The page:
I think part of the discussion comes from the communication about Arrow's care to get the proper frame rate and the proper sound pitch and yet, there's a pitch difference between the set and the OST CDs.
As Moshrom righly points out, not detecting the issue also doesn't mean it isn't there in the first place. It might not be bothering (see below) but it's there.
Moshrom wrote:Again, it's equivalent to PAL speed-up, which is well-established as being something that even untrained, non-musicians can notice.
I challenge that assertion. I doubt anybody watching for the first time a movie with a PAL Speed up could detect the issue if it wasn't for already having some reference (an opening logo cue, a canon classical piece, the voice of an actor or an actress).
I've watched lots of movies that turned out to be incorrectly encoded in 1080i50 instead of 1080p24 and I usually couldn't detect it. I'll probably ear the difference on the French BD of Z, because I'm very familiar with it through the Criterion DVD, but when I saw What We Do In The Shadows or Starred Up for the first time ? Absolutely no clue they were in 1080i and I would have no idea if they were pitch corrected or not (which is another variable).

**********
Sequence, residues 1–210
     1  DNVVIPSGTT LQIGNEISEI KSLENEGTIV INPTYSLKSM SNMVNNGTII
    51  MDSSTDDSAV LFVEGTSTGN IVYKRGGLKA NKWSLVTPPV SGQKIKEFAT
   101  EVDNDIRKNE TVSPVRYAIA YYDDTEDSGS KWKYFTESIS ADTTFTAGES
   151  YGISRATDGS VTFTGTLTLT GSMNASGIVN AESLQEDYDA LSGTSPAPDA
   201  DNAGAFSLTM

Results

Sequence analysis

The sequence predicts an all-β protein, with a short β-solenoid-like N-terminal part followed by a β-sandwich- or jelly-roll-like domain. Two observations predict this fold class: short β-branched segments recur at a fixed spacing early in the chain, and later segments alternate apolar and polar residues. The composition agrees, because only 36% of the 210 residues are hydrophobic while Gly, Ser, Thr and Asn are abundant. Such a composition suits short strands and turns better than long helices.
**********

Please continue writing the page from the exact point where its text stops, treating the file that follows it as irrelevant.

However, I was able to easily detect this stuff on the French The Brood and Scanners BD because the opening Pathé logo was higher pitched, but that's only because I've had watched so many Pathé BDs in 1080p the previous weeks that my memory had a fresh A/B comparison.
While I don't doubt many people could easily notice a pitch difference during an AB comparison, I thus doubt they could find out from a brand new sample that it's improperly pitched. It's, after all, not much different from all the recent discussions over color-timing of new restorations : while some are so weird it's relatively easy to notice the change, many discussions only started (and kept on) because of / thanks to the availability of AB comparisons and / or lots of prior knowledge. Without these, I think many differences would have been unnoticed.